Current disaster programming provides benefits based on production losses. This is inappropriate in addressing the current situation. With funding from Congress, USDA must initiate payments to farmers based on lost revenue rather than production losses, as well as provide incentives that allow farmers to maintain production even as markets are restored, in order to maintain the nation’s agricultural economy and its supply of fresh, healthy food.

Our most effective program at addressing risk to farm revenue through varying-price markets is Whole Farm Revenue Protection crop insurance (WFRP).

We therefore recommend the creation of an emergency disaster program that provides benefits for revenue losses as determined by the parameters established by WFRP crop insurance. We also acknowledge that the creation of such a program would place additional burden on USDA staff and require commensurate increases in staffing.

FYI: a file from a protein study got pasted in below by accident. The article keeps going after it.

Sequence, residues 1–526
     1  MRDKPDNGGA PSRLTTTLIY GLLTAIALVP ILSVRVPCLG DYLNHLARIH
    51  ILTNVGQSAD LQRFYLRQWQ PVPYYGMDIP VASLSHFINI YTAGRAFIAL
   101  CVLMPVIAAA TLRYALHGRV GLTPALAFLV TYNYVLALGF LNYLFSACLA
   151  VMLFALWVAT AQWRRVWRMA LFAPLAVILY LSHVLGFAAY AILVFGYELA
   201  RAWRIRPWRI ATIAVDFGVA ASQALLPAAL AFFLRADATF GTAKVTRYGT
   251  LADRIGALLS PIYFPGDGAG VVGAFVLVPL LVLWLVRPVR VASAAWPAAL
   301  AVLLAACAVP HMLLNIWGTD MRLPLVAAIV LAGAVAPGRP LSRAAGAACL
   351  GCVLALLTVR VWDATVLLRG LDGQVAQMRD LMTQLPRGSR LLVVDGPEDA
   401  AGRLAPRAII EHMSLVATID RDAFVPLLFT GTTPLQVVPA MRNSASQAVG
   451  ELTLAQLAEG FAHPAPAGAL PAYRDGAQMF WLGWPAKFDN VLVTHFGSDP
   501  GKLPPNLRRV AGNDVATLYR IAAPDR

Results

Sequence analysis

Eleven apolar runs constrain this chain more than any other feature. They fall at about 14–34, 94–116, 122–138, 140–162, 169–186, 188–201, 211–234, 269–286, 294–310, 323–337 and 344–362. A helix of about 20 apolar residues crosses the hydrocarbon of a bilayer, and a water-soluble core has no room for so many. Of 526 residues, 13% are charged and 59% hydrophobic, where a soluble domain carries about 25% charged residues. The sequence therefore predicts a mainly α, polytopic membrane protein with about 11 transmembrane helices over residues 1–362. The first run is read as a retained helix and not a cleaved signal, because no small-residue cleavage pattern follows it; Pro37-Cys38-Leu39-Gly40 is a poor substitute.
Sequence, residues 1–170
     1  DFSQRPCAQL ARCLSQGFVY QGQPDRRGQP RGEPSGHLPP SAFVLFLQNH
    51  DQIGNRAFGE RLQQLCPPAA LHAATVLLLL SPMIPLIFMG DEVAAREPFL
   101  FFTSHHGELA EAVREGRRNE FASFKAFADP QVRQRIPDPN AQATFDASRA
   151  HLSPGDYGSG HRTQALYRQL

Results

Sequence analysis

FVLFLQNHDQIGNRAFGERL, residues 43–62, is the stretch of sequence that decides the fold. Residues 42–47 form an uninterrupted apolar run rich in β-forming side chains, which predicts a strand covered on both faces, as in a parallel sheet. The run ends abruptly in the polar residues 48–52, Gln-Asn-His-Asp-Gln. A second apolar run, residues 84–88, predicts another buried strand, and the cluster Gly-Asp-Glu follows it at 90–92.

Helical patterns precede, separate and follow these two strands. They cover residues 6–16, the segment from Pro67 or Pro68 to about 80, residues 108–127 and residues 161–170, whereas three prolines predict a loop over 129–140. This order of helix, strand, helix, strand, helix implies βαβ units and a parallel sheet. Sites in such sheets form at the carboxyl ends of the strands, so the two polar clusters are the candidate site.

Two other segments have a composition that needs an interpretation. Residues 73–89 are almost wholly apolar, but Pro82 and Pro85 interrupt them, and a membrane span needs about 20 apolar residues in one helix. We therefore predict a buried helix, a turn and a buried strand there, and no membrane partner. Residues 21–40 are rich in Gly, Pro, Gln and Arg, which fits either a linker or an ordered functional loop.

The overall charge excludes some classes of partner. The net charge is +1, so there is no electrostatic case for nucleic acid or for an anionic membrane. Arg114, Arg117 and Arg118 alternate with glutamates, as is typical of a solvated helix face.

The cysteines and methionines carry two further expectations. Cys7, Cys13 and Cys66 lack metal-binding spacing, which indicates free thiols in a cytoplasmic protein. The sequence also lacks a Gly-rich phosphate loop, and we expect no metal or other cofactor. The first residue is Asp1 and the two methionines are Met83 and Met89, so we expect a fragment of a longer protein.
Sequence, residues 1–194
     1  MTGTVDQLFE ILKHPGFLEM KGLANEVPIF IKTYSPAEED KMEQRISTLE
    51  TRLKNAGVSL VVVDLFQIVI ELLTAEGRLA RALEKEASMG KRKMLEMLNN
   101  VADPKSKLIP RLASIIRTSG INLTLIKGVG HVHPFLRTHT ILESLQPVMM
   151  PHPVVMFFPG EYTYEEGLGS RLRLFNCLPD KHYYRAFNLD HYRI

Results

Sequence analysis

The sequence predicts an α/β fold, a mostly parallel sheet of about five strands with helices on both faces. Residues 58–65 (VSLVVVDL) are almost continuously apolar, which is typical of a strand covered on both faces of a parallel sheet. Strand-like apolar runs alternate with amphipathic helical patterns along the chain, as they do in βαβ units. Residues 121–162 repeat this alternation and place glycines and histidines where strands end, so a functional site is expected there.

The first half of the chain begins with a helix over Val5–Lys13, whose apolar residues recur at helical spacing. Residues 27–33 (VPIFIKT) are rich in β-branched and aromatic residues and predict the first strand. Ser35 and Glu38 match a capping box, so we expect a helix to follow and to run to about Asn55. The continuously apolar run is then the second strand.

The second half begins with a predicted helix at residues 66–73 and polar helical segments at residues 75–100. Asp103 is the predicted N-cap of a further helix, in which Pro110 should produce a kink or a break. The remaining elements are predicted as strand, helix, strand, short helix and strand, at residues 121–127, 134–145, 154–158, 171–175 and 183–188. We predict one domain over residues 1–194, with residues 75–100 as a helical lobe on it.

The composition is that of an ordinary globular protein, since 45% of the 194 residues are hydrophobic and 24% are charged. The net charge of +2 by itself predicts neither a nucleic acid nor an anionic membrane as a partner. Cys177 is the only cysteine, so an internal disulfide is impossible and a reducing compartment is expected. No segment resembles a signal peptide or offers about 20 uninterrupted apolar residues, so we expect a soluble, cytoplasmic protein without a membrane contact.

The program would have the following attributes:

  • Farmers apply using WFRP documentation to establish revenue history and 2020 potential revenue based on prices as they were on January 1.
  • Farmers maintain production in line with the potential revenue plan unless that production is documented to be not feasible (i.e. if the market value of the product is less than the cost of production and harvest).
  • Existing crop insurance or NAP benefits would be nested into the program as is true with WFRP.
  • Farmers complete a mid-season preliminary revenue loss report which includes losses to date and estimates of their annual losses, corresponding with the crop insurance production report. Farmers receive compensation for ½ of the estimated annual revenue losses. If there is sufficient documentation, the preliminary report could be filled out with the application.
  • At the end of the production season and following the filing of taxes, the farmer fills out a final revenue loss report and the remainder of losses are compensated.